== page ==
Islamic legacy planning – evolution or revolution?
The typical GCC merchant family is facing many challenges to the maintenance, expansion and inter-generational transitioning of its wealth. Yann Mrazek, Managing Partner at UAE multi-services advisory firm M/HQ, and Chair of STEP Arabia, believes that the time has come to change outmoded mindsets.
“Are Middle Eastern merchant families ready to embrace the Islamic legacy revolution?” Mrazek asked the audience at the Hubbis Middle East Wealth Management Forum in Dubai on January 24. His answer was that investment behaviour and estate planning are still far from optimal.
“The typical behaviour and attitudes of the past are changing, with some gradual increase in investment outside the region,” he explained. “But nearly three-quarters remains in the region and the focus remains concentrated on only three asset classes, the family’s own business, real estate, cash or deposits.”
Mrazek noted that the financial services industry seems to be doing a less than excellent job of educating clients on the attractions of investing in other asset classes. “You might be shocked to learn that in the future according to surveys even more of this money – up to 90% of it – will flow into these same asset classes.”
A $1 trillion generational transfer
The sums at stake are vast. Mrazek explained that over the next 10 years, an estimated $1 trillion of assets is due to pass from one generation to another regionally, and that figure does not even factor in offshore assets. “Lots of wealth,” Mrazek added, “but such concentration also means lots of risk.”
He also highlighted some cultural and familial changes, for example, more marriages in other jurisdictions, different behaviour in the younger generations. While times are clearly changing and people from the GCC are spreading out further, their assets seem to become more concentrated. Moreover, the UAE economy is more open than ever before, implying greater competition for businesses.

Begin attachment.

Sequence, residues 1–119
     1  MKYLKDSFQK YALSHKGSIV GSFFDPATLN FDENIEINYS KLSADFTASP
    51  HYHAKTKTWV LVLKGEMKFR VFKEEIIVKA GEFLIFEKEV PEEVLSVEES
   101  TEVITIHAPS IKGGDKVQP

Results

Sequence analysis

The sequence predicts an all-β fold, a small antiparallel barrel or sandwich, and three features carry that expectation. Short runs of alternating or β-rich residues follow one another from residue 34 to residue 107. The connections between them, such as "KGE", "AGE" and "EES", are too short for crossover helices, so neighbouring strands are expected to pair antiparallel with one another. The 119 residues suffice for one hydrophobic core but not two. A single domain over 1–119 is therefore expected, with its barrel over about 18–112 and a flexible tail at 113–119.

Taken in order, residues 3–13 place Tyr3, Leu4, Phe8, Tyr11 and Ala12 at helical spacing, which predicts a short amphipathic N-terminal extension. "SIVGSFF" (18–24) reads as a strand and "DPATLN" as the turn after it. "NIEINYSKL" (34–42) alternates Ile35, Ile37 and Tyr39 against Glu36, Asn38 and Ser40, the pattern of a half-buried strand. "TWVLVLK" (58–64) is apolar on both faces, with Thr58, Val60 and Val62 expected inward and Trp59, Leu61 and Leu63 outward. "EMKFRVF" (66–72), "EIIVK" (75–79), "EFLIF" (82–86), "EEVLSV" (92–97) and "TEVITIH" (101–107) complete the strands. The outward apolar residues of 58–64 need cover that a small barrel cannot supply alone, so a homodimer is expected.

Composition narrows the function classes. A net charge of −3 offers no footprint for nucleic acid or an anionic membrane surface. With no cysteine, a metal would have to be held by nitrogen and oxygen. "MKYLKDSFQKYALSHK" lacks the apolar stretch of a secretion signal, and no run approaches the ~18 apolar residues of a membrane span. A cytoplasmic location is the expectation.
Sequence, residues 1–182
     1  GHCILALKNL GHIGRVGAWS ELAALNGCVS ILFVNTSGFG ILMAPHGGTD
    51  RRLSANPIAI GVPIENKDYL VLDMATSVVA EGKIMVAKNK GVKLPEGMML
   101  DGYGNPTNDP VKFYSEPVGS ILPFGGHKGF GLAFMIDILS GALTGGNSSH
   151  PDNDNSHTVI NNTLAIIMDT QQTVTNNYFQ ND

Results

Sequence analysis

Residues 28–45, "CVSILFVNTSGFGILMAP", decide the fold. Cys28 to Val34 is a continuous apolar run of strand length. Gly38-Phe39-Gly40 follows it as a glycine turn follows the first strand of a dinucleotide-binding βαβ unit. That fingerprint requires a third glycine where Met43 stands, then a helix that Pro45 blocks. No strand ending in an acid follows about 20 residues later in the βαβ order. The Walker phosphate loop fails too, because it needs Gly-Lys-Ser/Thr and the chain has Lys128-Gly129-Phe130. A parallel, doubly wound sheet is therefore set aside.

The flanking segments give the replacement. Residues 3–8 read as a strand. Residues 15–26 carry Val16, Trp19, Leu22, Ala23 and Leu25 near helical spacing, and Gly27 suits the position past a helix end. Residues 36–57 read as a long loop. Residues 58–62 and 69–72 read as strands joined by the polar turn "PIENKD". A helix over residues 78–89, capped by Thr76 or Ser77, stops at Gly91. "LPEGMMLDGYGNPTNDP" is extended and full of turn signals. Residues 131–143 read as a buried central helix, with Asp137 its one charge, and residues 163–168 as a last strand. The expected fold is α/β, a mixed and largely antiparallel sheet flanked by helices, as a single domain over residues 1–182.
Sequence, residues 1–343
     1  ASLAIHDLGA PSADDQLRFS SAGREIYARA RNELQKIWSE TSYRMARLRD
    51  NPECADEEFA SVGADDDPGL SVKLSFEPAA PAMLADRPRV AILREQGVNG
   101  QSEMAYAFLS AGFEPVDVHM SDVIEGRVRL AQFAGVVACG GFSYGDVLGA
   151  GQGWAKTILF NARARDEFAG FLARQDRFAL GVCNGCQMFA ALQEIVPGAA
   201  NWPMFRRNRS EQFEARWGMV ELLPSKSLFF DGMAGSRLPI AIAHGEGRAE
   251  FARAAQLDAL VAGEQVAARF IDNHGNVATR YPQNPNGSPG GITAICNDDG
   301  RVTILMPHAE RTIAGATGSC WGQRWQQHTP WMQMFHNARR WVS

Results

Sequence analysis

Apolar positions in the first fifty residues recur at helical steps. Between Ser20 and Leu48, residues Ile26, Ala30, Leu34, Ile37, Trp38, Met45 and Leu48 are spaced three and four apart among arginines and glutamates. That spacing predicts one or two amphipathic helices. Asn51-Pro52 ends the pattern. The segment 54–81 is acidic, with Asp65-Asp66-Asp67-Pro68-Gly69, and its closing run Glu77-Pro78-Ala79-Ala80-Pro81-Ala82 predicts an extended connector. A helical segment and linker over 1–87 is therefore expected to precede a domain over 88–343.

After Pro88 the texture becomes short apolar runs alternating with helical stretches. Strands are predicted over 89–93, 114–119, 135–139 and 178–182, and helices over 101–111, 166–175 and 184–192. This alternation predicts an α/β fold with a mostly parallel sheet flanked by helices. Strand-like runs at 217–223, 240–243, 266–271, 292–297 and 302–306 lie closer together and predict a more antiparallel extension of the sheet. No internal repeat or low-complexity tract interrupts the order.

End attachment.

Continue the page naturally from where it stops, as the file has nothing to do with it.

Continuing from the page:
“Barriers are coming down and there are ever more numerous challenges,” said Mrazek. “One of the biggest challenges is educational. A patriarch would start and run his own company, but are his children interested in helping grow that business? Are they capable of growing that business? And is there a legacy plan in place for the business and family assets?”
The risks of not planning
Mrazek answered some of the questions he posed with some statistics. “We know that only 20% of families have some sort of documented legacy plan in place, while for 40% are happy to rely on law – and by law, we mean local law, domestic law. That represents a major risk of dilution of these core assets, which are the epicentre of GCC wealth. An estimated 30% of families are not even yet thinking about estate planning at all.”
All this represents a wonderful opportunity for firms such as M/HQ. From both ADGM and Dubai, M/HQ offers a multi-services platform catering to a broad spectrum of clients in the UAE. “We offer a unique access to integrated corporate, tax and legal services,” Mrazek explained. “Whatever the complexity of the situation faced by our clients, we aim to provide them with simple, practical yet innovative solutions.”
Catering for change
With this broad range of expertise and experience, Mrazek knows that there is a lot of work to do in educating their clients, and then in helping them preserve that wealth by assisting with their legacy planning.
“The good news,” he noted, “is that we will find receptive clients: some 70% say they are receptive to thinking about these legacy matters and the tools to achieve their wealth transition goals.”
Mrazek then touched briefly on the tools to manage this wealth transition. For those with offshore assets, a trust or a foundation are likely to be compatible. For domestic assets, there are new tools being rolled out in the region. These include new SFO, trust and foundation regimes.
“My personal favourite,” he added, “is the foundation, which has many facets of a company, a legal structure, but it does not have shareholders, so it is not exposed to the principal or founder passing away. It can operate in perpetuity. Another item that is of paramount importance is that the principal can have control during his lifetime. It is an excellent tool to strengthen control over key assets, to prevent dilution and avoid family disputes.”
Whatever the tools employed for legacy planning, Mrazek noted that the fundamental key to the entire process is for individuals and families to embrace change. “We take immense pride in establishing strong and enduring relationships with our clients. This vital sector of estate planning is a key concern for the future of wealth in this region.”
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